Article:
By Tom Roberts
The ministry of Jesus was inextricably connected to salvation. In fact, the very name given to him by the angel of God, “Jesus” (Lk. 1:31), is of Hebrew origin (Joshua) meaning: “Jehovah is Savior.” As Joseph was told, “it is he that shall save his people from their sins” (Matt. 1:21). Not a Jewish rabbi, sociologist, revolutionary or confused dreamer, Jesus was the Christ, anointed of God, sent from heaven to “seek and save that which was lost” (Lk. 19:10).
The Book of Acts, describing the spread of salvation in the name of Jesus of Nazareth throughout the Jewish and Roman worlds, made no effort to disguise this theme of the apostles. The volume was not a social commentary, a comprehensive history of the day, nor an atlas of ancient civilizations. The thrust was plain and clear, without apology, but with sure defense against those who might have labeled its message bigoted and self-righteous. Quite clearly, the world was lost and salvation could be found only in the name of Jesus. “And in none other is there salvation: for neither is there any other name under heaven, that is given among men, wherein we must be saved” (4:12). This bold and distinctive message allowed no doubt, made no exceptions and permitted no quarter. Jesus was Savior and, without him, every man was eternally and irretrievably lost. Modern religions are embarrassed by such undisguised evangelism founded upon such exclusive claims. Most would be magnanimous and place Jesus among the company of “great” religious leaders like Muhammed, Buddha, or some other. But none of them is willing to grant to Jesus his rightful place as the only Savior. Without a moment’s hesitation, Luke declared the message of the apostles as one in complete harmony with the claims and ministry of Jesus. Its vision of Jesus was crystal clear, its clarion call rings from first century Rome to twentieth century America: Jesus, and only Jesus, saved!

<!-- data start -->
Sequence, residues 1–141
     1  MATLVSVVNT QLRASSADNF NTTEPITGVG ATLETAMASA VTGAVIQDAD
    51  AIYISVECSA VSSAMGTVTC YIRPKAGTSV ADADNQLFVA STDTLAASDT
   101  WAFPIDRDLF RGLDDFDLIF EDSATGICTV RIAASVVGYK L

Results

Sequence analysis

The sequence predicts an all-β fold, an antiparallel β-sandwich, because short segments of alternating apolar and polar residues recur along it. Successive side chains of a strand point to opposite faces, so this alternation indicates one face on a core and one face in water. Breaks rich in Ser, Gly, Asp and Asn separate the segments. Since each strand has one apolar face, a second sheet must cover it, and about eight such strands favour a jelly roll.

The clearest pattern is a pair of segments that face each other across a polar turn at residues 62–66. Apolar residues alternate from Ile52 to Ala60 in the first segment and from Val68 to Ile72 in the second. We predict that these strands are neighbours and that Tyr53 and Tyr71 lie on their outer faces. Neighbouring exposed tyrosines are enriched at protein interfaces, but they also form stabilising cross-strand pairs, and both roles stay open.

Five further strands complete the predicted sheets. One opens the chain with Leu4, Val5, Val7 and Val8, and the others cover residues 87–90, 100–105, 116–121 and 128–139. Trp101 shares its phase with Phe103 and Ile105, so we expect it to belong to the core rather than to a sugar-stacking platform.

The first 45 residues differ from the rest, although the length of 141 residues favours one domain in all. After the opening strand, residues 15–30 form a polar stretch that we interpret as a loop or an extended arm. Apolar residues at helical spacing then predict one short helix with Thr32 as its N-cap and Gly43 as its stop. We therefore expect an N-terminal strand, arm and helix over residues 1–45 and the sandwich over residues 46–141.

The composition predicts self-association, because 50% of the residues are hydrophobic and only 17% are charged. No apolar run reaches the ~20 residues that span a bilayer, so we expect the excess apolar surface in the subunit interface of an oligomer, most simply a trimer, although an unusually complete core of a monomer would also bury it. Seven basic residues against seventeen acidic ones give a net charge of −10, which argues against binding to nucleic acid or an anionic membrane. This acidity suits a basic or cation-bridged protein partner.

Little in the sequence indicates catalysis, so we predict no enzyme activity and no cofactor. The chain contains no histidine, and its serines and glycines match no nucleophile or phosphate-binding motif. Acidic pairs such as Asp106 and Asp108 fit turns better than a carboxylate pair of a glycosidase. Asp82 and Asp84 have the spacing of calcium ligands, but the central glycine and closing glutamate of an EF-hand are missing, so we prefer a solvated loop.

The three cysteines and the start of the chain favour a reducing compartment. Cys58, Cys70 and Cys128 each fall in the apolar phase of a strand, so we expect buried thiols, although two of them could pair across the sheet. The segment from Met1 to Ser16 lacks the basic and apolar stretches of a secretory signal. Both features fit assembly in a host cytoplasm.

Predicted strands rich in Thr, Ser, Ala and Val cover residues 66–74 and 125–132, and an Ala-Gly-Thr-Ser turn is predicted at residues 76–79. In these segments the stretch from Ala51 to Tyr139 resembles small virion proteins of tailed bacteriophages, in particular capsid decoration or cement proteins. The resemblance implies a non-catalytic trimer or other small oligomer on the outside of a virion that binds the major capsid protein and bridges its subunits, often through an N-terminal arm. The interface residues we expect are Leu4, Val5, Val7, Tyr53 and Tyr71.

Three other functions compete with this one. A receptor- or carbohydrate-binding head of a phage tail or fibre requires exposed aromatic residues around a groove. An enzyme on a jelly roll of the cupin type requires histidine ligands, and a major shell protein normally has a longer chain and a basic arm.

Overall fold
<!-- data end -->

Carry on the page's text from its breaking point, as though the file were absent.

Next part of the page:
Certified by the Resurrection
How could Luke and the apostles speak with such certainty? What gave them the assurance and boldness with which to declare salvation in the name of Jesus? Luke clearly showed that faith in Jesus was predicated on his resurrection from the dead. Having witnessed the resurrection (1:9), the apostles were not inclined to be quiet about the matter. Jesus had told them to witness (1:8), beginning at Jerusalem (Lk. 24:48) and, having receiving the Holy Spirit, they began to do so. The very first sermon under the Testament of Christ threw down the gauntlet: God sent Jesus, certified him by signs and wonders, you killed him, God raised him up (2:22-24). This was their explanation which remains ours today. Jesus died, was buried three days and nights, and rose from the dead. There is no salvation in any other for Muhammed and all others died, were buried and are still in the tomb. The conclusion of such evidence pointed to one truth: “Let all the house of Israel therefore know assuredly that God hath made him both Lord and Christ, this Jesus whom ye crucified” (v. 36). Jesus, and only Jesus, has been certified by God.
“Turn the World Upside Down”
The first sermon resulted in 3000 souls obeying the gospel 44unto remission of sins” (2:38). Later, the number of men rose to 5000 (4:4), with many priests becoming obedient (6:7). The message continued to be: “Repent ye therefore, and turn again, that your sins may be blotted out, that so there may come seasons of refreshing from the presence of the Lord” (3:19).
Opposition, threatenings, beatings and imprisonment did not deter these men. Luke detailed that the disciples rejoiced that they were worthy to suffer for the name (5:41), and they “ceased not to teach and to preach Jesus as the Christ” (v. 42).